Msg#: 4035357 posted 1:34 pm on Dec 2, 2009 (gmt 0)
Announced [googlewebmastercentral.blogspot.com] on the Google blog today:
Country-code top-level domains (or ccTLDs) can provide people with a quick and valuable clue about the location of a website—for example, ".fr" for France or ".co.jp" for Japan. However, for certain top level domains like .com, .info and .org, it's not as easy to figure out the location. That's why today we're adding region information supplied by webmasters to the green address line on some Google search results.
Similar tags have been present on region-targeted Adwords for some time, so it will be interesting to see what effect (if any) the appearance of the tag will have. Google are certainly drawing more attention to the snippets and "green line" in SERPs recently.
Msg#: 4035357 posted 6:58 pm on Dec 2, 2009 (gmt 0)
Another requirement for GWT!
It's a great plan by Google, really. Finding it difficult to control spam and find the patterns amongst sites Google came up with the idea of WMT to "help" webmasters ... and then slowly make it a requirement. All the site data, bug control and pattern checking done for them. Genius.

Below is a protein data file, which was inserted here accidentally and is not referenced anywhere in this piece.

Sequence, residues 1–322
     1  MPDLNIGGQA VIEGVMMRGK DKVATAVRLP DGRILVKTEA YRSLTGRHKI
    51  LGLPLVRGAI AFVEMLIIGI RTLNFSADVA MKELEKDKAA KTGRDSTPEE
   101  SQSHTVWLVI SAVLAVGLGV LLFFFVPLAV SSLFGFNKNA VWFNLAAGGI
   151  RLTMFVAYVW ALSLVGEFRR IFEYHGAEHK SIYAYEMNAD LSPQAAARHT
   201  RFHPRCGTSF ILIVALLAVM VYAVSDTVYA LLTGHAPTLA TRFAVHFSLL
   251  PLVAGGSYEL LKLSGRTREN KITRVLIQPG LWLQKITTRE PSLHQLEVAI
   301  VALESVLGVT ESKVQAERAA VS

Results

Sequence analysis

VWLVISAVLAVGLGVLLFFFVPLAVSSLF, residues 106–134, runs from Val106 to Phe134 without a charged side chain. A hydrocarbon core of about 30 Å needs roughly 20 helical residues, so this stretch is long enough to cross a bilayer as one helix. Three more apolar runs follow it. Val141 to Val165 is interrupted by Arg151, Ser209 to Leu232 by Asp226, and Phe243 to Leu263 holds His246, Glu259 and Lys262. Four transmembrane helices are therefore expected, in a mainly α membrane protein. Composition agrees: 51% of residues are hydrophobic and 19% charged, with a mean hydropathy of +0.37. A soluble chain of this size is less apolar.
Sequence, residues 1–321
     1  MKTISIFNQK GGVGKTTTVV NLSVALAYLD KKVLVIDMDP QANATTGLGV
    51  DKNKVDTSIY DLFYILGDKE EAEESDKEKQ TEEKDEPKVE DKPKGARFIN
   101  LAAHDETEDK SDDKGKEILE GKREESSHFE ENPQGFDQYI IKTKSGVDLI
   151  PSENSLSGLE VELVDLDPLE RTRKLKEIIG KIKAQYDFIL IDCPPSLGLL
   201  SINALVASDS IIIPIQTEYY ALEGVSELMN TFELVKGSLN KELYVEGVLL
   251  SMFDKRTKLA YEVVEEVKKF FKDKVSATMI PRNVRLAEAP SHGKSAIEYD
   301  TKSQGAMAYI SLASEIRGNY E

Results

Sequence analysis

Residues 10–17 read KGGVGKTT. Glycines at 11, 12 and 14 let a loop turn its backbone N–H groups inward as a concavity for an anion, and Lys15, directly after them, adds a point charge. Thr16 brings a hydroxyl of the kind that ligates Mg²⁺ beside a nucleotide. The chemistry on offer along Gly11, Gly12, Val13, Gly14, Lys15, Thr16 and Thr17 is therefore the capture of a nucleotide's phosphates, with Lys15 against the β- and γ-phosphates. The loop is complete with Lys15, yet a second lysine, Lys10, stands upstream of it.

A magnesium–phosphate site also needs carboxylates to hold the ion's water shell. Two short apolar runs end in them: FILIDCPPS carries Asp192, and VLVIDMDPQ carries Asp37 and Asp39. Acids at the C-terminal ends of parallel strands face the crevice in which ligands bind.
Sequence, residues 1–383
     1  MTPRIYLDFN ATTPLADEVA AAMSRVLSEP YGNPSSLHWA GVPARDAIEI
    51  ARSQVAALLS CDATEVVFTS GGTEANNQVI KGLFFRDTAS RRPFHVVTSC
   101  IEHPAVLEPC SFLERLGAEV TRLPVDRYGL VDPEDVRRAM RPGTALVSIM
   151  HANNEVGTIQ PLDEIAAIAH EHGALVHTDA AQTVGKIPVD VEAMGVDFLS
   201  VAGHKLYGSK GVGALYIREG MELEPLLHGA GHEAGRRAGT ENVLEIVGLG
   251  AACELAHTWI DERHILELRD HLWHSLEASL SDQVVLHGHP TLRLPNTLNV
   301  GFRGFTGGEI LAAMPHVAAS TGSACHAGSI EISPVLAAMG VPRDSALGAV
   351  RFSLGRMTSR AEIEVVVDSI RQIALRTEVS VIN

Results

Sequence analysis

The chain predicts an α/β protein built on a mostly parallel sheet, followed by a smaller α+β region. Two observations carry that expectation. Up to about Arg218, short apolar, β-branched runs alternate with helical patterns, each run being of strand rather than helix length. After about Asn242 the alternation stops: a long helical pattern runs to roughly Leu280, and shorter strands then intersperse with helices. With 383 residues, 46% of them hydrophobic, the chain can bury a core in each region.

Msg#: 4035357 posted 8:18 pm on Dec 2, 2009 (gmt 0)
It's only when the result is from a different country than the search (Canadian site from US based search was the example) so most results in most industries aren't affected. I'd expect this won't make a big difference until they try to add this for smaller geo regions like city/state.
Msg#: 4035357 posted 6:42 pm on Dec 3, 2009 (gmt 0)
So... the internet removes geography enabling small businesses to be local in many locations across the planet simultaneously... and then Google re-introduces geography, so that the historical town-guide book-seller from Chicago who has Quebec City optimised pages for selling guides to those visiting Quebec City then appears in the SERPS with a big CHICAGO next to the entry, making it appear much less relevant?
Msg#: 4035357 posted 5:27 pm on Dec 9, 2009 (gmt 0)
The premise is that the closer a site is to the search engine user, the more likely it is to be relevant to the user's query. It's been an important ranking factor on all of the major search engines for several years.
The change being discussed here is that, for at least some searches, Google adds a region tag or label to results when the site's Geographic Target setting is available from WMT and that setting differs from the origin of the search. It's essentially providing a location clue for SERP entries from generic TLDs. If you have a generic TLD and you haven't set a Geographic Target, listings from your site won't be affected by this change.